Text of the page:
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Replying to Peter-S:
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By Self-Employed and Happy
01st Jul 2021 11:38

That isn't the real issue to be honest, clients with businesses should be educated on how to use accounting packages AND you should charge for it.

What should not happen is that we have to spend time holding the clients hands interacting with HMRC when a simple addition to the client portal would allow us to do a job in minutes.

I find an ever increasing amount of my time is spent clearing up HMRC errors with simple things like allocation of payments, which they do incorrectly and then issue a fine / interest for something that's already been paid.

In an ideal world HMRC would be employing lots of accountants and paying them good money, rather than employing (lets be honest) people who on the whole are following a script in their narrow field of data entry / processing, due to their lack of expertise they are then given minimal access to make adjustments which then has to be sent higher up the chain and takes months to be sorted.

HMRC and the way it expects to be interacted with is the problem, not necessarily cloud accounting which on the whole I think is absolutely brilliant.

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By Alanpryan
01st Jul 2021 11:33

Only people to benefit are the software developers and pushers. Someone at HMRC must be on a massive 'incentive'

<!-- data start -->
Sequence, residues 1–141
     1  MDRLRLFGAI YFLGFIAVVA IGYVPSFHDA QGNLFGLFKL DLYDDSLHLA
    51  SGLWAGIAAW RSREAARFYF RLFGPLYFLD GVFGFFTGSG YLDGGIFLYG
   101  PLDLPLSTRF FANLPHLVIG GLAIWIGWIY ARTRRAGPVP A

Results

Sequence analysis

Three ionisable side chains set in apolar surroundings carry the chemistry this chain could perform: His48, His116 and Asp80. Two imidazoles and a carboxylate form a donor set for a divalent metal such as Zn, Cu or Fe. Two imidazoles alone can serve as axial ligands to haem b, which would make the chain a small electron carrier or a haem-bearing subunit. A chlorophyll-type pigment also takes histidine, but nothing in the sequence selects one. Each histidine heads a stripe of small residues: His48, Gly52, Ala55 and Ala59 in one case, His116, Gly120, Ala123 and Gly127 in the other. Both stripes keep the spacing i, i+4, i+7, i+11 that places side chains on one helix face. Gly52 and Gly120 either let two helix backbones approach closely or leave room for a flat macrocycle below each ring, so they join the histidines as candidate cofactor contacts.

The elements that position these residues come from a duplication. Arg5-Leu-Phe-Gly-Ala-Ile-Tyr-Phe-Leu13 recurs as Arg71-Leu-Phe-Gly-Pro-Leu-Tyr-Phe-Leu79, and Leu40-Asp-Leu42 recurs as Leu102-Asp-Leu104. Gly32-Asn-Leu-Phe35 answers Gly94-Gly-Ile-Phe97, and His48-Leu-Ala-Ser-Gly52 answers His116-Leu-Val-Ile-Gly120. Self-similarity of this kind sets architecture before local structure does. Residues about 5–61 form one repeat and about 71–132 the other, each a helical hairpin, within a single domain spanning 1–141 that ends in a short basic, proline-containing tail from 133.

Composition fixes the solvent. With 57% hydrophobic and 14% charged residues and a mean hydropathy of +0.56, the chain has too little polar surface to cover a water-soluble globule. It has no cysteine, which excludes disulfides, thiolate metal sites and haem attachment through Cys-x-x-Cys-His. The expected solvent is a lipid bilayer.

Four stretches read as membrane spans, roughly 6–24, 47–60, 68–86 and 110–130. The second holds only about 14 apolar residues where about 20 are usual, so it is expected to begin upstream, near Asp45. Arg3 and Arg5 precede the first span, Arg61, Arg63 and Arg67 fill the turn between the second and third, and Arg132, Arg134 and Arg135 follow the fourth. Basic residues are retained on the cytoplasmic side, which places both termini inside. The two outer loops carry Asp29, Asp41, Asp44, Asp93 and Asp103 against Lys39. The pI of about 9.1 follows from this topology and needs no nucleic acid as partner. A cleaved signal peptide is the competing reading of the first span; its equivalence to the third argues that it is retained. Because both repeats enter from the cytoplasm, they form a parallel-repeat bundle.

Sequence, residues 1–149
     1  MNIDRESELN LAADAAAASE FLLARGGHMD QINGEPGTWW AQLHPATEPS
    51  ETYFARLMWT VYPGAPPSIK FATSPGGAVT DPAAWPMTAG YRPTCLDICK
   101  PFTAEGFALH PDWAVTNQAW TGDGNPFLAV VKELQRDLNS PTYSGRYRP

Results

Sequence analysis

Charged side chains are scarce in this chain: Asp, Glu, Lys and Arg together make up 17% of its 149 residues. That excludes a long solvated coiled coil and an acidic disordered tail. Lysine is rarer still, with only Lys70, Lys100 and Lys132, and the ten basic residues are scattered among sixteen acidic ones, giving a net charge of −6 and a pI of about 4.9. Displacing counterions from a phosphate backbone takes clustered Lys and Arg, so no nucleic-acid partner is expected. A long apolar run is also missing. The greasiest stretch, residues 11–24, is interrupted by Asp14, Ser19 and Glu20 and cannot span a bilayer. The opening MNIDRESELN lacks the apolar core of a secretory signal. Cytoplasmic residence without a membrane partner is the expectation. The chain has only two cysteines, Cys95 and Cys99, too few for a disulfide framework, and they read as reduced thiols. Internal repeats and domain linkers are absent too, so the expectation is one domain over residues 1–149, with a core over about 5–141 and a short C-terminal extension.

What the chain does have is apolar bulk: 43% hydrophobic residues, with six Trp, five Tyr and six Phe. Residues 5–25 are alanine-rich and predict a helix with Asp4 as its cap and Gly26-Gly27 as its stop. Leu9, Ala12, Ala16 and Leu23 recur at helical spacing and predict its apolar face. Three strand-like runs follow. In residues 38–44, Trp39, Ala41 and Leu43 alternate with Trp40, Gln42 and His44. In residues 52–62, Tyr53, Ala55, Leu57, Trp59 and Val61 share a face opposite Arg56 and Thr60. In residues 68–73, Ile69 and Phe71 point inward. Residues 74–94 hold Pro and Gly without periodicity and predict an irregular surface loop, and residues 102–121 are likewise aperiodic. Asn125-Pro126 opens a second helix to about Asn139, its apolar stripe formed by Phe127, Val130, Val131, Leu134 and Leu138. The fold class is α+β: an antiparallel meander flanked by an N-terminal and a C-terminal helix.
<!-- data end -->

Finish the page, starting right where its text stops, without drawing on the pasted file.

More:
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By bluebaron
01st Jul 2021 11:48

I remember there initially being around a 25% non-compliance rate for MTD for VAT, and I look forward to there being I'd imagine maybe a 40% non-compliance rate when MTD for Income Tax comes in. I wonder if HMRC will then hail this as a success??!! Businesses with turnover of around £20k p/a aren't going to want to know about this nonsense. I just wish HMRC would raise the exemption threshold to something more meaningful.

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Replying to bluebaron:
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By Geoff56
01st Jul 2021 14:22

Only 40% non-compliance?

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Replying to Geoff56:
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By bluebaron
01st Jul 2021 16:27

Hopefully it will be 50%!!

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Replying to bluebaron:
Morph
By kevinringer
01st Jul 2021 15:19